‘Europe’s biggest-ever land predator’ discovered in UK

Ten-metre spinosaur would have been able to bite other dinosaurs in half, experts believe

<p>Massive creature had a face like a crocodile, razor-sharp teeth and claws and a whip-like tail, experts say </p>

Massive creature had a face like a crocodile, razor-sharp teeth and claws and a whip-like tail, experts say

A dinosaur unearthed on the Isle of Wight may be the largest land predator that ever roamed Europe, scientists say.

It was almost like a cross between Tyrannosaurus rex and the great white shark, as it was also able to hunt in water, according to experts.

The enormous creature had a face like a crocodile, razor-sharp teeth and claws and a whip-like tail.

It was as big as a bus – more than 33ft long and weighing more than five tons. The fossilised bones recently discovered include large pelvic and tail vertebrae.

They were dug up near Compton Chine on the southwest coast and date back 125 million years, a period of rising sea levels.

The bipedal beast had short arms like T rex. Stalking lagoons and sandflats, its bonecrushing jaws snapped large fish and even other dinosaurs in half.

It was a member of the spinosaurid family, which are thought to have been the first dinosaurs to swim.

Bones grew on their backs to form what is referred to as a “sail”. These spines were up to 7ft long and connected by skin.

Chris Barker lead author of a new study of the bones and a palaeontology student at the University of Southampton, said the newly uncovered beast was a killer of immense proportions.

He said: “This was a huge animal, exceeding 10m in length, and judging from some of the dimensions, probably represents the largest predatory dinosaur ever found in Europe. It is just a shame it is only known from such scant material.”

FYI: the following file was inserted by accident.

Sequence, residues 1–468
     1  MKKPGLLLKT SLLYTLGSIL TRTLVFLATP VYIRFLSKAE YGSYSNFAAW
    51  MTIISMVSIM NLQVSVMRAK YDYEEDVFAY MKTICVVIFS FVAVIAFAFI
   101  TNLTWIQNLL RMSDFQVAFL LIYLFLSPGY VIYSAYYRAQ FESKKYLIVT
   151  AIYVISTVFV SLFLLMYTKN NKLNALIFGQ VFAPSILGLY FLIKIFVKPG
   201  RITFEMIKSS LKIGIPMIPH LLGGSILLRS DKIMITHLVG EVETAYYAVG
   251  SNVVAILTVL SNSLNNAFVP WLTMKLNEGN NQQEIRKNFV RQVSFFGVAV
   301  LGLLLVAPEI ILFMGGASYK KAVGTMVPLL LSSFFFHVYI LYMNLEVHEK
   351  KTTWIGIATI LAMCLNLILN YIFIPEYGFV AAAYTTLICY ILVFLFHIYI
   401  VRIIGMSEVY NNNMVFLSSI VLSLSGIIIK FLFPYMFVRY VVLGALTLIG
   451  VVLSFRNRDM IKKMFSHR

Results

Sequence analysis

The new species was entombed inside a sandstone bed at a prehistoric graveyard called the Vectis Formation. It has been unofficially named the “White Rock spinosaurid” after the geological layer in which it was found.

Pelvic bones gave clues about the beast’s size

The Isle of Wight has been unofficially dubbed Dinosaur Island because of the large number of palaeontological treasures found there, many of which are on display at a purpose-built museum in Sandown.

More dinosaur bones have been dug up there than anywhere else in Europe, most dating to the Cretaceous period. Its position in the age of the dinosaurs is thought to be roughly where Gibraltar is now.

Corresponding author Dr Neil Gostling, a lecturer in evolution at Southampton, said: “Unusually, this specimen eroded out of the Vectis Formation, which is notoriously poor in dinosaur fossils. It is likely to be the youngest spinosaur material yet known from the UK.”

Marks on the bone showed that even after death the body of this monster probably supported a range of scavengers and other organisms.

Co-author Jeremy Lockwood, a PhD student at the University of Portsmouth, said: “Most of these amazing fossils were found by Nick Chase, one of Britain’s most skilled dinosaur hunters, who sadly died just before the Covid-19 pandemic.

“I was searching for remains of this dinosaur with Nick and found a lump of pelvis with tunnels bored into it, each about the size of my index finger.

“We think they were caused by bone-eating larvae of a type of scavenging beetle. It is an interesting thought that this giant killer wound up becoming a meal for a host of giant insects.”

The famous Needles which form the tip of the west side of the Isle of Wight, near to where the remains were found

The researchers now plan to strip thin sections to scan internal properties of the bones to shed light on the animal’s growth rate and possible age.

Co-author Dr Darren Naish, from Southampton, said: “Because it’s only known from fragments at the moment, we haven’t given it a formal scientific name. We hope additional remains will turn up in time.”

He added: “This new animal bolsters our previous argument – published last year – that spinosaurid dinosaurs originated and diversified in western Europe before becoming more widespread.”

In September, the same team announced two other spinosaurs had been discovered nearby.

They named one the “hell heron” because it hunted like the wading bird. The latest is decribed in the journal PeerJ.

Details of this latest find come just a day after scientists digging in Egypt published details of another dinosaur they said was a relative of T rex. The beast’s 95-million-year-old fossilised remains were unearthed at the Bahariya oasis, 180 miles southwest of Cairo.

SWNS

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